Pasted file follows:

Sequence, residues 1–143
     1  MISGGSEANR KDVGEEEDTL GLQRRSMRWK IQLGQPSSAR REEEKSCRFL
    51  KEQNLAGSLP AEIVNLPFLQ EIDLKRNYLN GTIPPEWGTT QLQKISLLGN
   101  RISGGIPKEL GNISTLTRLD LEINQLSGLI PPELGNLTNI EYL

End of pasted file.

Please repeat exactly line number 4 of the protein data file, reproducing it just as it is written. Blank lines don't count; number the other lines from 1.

   101  RISGGIPKEL GNISTLTRLD LEINQLSGLI PPELGNLTNI EYL